If your overall income goes up or down due to the death of a spouse, you may want to adjust the amount you take out of your portfolio each month. You may also inherit some of your spouse’s IRA or other assets, which can lead to a reconfiguration of your own investments. Similarly, if you choose to liquidate some of your inherited assets – for example, a car or second home – you may want to invest the money in a portfolio that can help sustain your retirement expenses.

Step Two: Make a plan for the future

Once you have a clear understanding of your cash flow, you can start making projections for your financial future. Just remember, everyone’s retirement plan will look different depending on their needs, priorities and personal situation.

When estimating a budget for your future spending, it’s better to err on the conservative side. This way any disruptions down the road like decreased income or an unforeseen emergency expense can be afforded more easily. You want to avoid ending up in a situation where you’ve spent too much of your savings too soon.

Prioritize your expenses

When building a financial plan, it’s important to attend to your most essential needs first. Housing costs, monthly bills, medications and other recurring expenses will need to be covered on a regular basis.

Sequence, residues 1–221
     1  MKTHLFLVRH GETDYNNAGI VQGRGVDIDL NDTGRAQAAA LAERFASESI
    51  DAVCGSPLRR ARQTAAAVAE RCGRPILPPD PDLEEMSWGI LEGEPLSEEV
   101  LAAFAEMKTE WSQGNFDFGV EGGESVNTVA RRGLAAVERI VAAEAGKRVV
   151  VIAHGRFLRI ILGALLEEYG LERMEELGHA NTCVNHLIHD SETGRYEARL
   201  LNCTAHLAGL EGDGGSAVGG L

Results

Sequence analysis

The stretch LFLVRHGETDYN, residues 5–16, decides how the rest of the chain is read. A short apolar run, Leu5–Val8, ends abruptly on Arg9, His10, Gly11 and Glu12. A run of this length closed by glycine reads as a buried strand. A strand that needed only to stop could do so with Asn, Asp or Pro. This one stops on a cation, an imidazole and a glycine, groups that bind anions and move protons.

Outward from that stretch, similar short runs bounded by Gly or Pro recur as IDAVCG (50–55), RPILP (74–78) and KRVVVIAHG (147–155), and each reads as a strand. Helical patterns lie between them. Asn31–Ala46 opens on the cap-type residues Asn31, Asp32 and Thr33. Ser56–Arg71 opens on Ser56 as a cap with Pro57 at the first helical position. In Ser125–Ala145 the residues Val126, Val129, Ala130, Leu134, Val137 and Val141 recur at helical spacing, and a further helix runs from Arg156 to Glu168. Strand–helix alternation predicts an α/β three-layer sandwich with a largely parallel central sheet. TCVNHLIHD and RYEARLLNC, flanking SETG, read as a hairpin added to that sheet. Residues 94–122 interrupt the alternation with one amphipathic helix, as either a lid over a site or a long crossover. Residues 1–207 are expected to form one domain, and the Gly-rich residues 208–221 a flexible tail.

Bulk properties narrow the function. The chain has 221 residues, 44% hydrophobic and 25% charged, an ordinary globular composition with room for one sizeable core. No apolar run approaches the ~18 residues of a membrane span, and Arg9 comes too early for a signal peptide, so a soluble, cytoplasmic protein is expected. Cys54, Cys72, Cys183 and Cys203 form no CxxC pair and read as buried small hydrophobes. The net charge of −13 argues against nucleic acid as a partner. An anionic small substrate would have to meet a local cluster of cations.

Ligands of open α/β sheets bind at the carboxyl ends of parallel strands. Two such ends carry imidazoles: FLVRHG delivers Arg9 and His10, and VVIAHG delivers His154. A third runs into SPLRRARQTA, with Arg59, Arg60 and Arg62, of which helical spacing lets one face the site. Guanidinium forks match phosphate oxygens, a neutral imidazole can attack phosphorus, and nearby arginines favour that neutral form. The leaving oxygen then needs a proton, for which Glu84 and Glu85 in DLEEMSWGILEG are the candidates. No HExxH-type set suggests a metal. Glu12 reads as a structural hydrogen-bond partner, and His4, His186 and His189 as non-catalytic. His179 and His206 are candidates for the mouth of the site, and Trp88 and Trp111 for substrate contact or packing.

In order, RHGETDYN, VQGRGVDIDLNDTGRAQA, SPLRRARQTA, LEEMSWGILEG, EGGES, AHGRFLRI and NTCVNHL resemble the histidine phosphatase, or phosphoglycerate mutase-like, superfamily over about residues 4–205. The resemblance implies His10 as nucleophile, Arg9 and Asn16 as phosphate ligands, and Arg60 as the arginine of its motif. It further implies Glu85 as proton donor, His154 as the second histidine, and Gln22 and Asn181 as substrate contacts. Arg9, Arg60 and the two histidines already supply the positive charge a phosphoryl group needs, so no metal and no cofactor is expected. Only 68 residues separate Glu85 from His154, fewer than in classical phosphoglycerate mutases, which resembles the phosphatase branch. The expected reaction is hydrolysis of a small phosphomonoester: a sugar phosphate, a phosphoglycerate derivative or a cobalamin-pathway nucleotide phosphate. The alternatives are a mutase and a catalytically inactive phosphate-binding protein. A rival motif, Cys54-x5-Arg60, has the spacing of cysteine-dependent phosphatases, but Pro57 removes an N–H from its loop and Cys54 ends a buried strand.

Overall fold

After these priorities are accounted for, your financial plan will depend largely on your lifestyle. For example, someone who wants to travel more might be taking more money out of their retirement funds on a monthly basis than someone who prioritizes leaving a larger inheritance to their children or grandchildren.

“The classic question is, ‘How much money do I need for retirement?’” Wheeler says. “And my answer is, ‘it depends on how much you want to spend.’”

Factor in longevity

Age and general health are key factors in accurately estimating your future financial needs. If you’re making a new financial plan at age 70, your budget and expenses will likely look very different than if you’re making a new financial plan at age 90.

A longer retirement requires more savings, and can also mean new medical and assisted living costs may develop down the road. The projected length of your retirement will have an impact on what kinds of funds you invest in and what percentage of the principal you’ll want to take out each year.

Update your estate planning

It’s advisable to revisit your estate planning following the death of a spouse, especially if it’s been a decade or more since you’ve updated it. While it can be difficult to imagine the world going on without you, making sure you have the right arrangements in place can make things easier for your surviving family members.

Start by taking note of any changes in your assets, liabilities or preferred beneficiaries. Make sure you’ve completed any desired modifications to your will and appointed an executor. From there, you can decide whether to hire an attorney to help you finalize the paperwork or use an online service to do it yourself.